Guidance Toyota has used in implementing environmental and social performance and reporting system.
    3 marks
    Thorough outline of any guidance that has been used in implementing environmental and social performance and reporting systems. Detailed outline of any guidance that has been used in implementing environmental and social performance and reporting systems. Comprehensive outline of any guidance that has been used in implementing environmental and social performance and reporting systems. Some mention of guidance that has been used in implementing environmental and social performance and reporting systems. No mention  or inaccurate outline of guidance that has been used in implementing environmental and social performance and reporting systems.
    Use or relevant literature including use of current journals
    2 mark
    Researched widely and relevantly from the current literature. Has used a minimum of 8 different in text references.
    Researched widely and relevantly from the current literature.  Has used up to 8 different in-text references.
    Researched from relevant current literature.  Up to 5 different in-text references Researched from relevant literature with less than five different in-text references.  Some referencing not current.
    Very little research and only up to three different in-text references.  Has drawn heavily on only one or two main sources..
    Presentation and referencing
    1 mark
    Introductions creative and analytical and conclusions concise and persuasive. No grammatical or spelling errors.  Correct use of referencing style and bibliography Introduction clear and analytical.  Conclusions concise.  Very few grammatical and spelling errors. Correct use of referencing style and bibliography Introduction clear.  Conclusions draw together most arguments in the paper. Some spelling and grammatical mistakes. Some referencing errors.  Bibliography present Introduction fails to identify the main issue and arguments to be explored.  Frequent spelling and grammatical mistakes.  Conclusions unclear.  Referencing incorrect. No introduction or conclusion.  Frequent spelling and grammatical mistakes. Referencing and bibliography poorly done or non-existent.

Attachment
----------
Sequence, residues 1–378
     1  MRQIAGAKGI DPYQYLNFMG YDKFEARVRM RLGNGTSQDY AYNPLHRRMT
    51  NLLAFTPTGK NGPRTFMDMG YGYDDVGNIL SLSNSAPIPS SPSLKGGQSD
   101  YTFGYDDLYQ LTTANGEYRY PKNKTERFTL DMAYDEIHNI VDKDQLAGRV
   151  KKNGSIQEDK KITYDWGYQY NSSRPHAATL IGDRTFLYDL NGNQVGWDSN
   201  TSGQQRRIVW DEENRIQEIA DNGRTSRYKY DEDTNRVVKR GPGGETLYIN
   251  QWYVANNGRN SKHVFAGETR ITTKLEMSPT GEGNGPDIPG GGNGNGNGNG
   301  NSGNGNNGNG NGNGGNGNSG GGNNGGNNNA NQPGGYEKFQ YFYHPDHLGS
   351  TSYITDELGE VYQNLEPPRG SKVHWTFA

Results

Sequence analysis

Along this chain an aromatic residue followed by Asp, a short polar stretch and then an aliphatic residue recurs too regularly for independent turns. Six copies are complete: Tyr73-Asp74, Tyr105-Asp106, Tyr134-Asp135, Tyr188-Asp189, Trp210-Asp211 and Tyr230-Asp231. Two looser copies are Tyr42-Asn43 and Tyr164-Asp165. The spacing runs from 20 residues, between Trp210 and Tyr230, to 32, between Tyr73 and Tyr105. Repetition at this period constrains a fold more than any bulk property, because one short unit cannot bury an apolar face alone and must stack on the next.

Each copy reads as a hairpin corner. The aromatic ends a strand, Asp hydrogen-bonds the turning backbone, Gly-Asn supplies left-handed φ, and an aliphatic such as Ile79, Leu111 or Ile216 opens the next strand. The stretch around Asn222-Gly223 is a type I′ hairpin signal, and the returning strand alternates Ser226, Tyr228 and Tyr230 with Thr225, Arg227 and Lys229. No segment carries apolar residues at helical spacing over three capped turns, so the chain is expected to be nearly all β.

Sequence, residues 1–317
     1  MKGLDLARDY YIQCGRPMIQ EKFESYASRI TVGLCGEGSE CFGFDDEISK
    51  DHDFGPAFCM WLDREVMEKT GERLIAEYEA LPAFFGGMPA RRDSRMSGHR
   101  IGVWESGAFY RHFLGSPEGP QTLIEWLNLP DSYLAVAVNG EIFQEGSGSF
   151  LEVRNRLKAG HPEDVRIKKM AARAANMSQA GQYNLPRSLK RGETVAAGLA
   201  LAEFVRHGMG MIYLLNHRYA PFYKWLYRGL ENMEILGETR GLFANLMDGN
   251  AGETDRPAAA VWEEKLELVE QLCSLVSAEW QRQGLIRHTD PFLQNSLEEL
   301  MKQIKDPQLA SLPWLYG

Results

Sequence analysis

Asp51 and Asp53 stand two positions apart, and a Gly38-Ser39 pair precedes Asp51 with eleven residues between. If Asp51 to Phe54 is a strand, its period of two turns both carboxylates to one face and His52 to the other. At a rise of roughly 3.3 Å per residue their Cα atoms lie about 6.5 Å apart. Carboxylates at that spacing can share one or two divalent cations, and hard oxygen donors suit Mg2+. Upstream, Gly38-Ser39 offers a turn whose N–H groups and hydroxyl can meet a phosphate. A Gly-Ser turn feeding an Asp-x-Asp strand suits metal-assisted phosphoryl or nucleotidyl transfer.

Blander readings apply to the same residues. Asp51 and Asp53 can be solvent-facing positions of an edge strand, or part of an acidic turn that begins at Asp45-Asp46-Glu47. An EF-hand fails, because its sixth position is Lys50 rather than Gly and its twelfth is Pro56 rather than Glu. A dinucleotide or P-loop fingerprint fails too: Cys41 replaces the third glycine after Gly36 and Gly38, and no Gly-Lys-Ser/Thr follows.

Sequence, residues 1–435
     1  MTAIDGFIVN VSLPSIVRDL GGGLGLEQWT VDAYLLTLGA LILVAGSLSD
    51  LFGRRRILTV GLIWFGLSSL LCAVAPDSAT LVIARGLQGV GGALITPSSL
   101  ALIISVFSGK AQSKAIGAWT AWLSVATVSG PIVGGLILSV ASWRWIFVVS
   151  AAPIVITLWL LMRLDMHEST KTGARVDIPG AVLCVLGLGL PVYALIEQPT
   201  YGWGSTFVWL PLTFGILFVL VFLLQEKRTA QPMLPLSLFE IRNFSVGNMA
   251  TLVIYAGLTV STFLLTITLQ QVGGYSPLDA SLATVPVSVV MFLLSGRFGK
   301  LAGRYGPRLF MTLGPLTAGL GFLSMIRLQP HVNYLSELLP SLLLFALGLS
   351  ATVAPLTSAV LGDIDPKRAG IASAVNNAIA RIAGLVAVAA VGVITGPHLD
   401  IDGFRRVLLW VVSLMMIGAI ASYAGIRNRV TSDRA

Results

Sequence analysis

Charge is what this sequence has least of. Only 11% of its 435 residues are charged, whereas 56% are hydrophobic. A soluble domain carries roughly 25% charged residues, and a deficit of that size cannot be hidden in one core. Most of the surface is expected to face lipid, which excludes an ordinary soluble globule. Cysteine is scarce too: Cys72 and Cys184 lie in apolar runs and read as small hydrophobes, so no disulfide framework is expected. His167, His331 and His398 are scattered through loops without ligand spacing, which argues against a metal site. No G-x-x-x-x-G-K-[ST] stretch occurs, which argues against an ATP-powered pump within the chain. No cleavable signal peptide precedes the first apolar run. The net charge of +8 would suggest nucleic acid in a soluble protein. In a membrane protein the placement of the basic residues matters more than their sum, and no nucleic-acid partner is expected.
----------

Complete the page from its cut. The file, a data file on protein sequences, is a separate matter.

5 marks
    Presentation demonstrates a sophisticated clarity, conciseness, and correctness Presentation demonstrates a large degree of clarity, conciseness, and correctness Presentation is accomplished in terms of clarity and conciseness and contains only a few errors Presentation lacks some clarity or conciseness and contains some errors Presentation is unfocused and contains unacceptable level of errors

    Final Examination 50%
    Due date week 7
    The final exam test will take place in class in week 7.  The format of the exam is yet to be finalised but will involve the student to critically respond to a number of questions in essay format. Students will be allowed 3 hours to complete the exam.
    5 essay   questions – 1 and half page   (included introduction and conclusion)  3 hours


    Students are advised to acquaint themselves with the academic regulations regarding progress as outlined in the College Rules and Regulations.
    A deferred or a supplementary examination will be in the mid semester break of the following semester.
    Supplementary information concerning teaching, learning and assessment may be provided from time to time. Announcement of these matters in classes and on the website shall be deemed to be official notification.
    It is recommended that students who have life circumstances or personal limitations which may affect their course of study, should contact the Program Coordinator as soon as possible.
    Group discussion in assignment work is encouraged. However, written reports must be the individual student's work. Any and all collaboration and help received must be clearly acknowledged.
    Permission to make a late submission of work must be obtained from your Head of Subject/Dean. The reasons for requesting an extension of time must be given in writing and must be received before the due date. Having ‘work in other subjects’ will not be accepted as reasonable grounds for granting an extension.
    Excuses involving computers or printers will not be accepted as valid reasons for late submission. It is your responsibility to organise projects so that work is submitted by the due date.
    Where your work is submitted after the due date and compassionate or other grounds cannot be established, there will be a penalty of 10% of the total mark for each day the submission is overdue.
    In order to pass the subject, you must have satisfactorily completed all assigned work.
    If the subject lecturer questions any submitted work as wholly or partially plagiarised, you will receive a nil result for the assessment. If the subject lecturer is satisfied that two or more students have engaged in unauthorised collusion, those involved will be subject individually to the same penalties as those applied in individual cases.
    A duplicate copy of all work submitted must be kept by the student.
    Assessment grades are as follows
    Fail (F)                       0 - 39
    Resit (R)                     40-49
    Pass (P)               50 - 59
    Credit (C)                  60 - 69
    Distinction (D)                  70 - 79
    High Distinction (HD)             80 - 100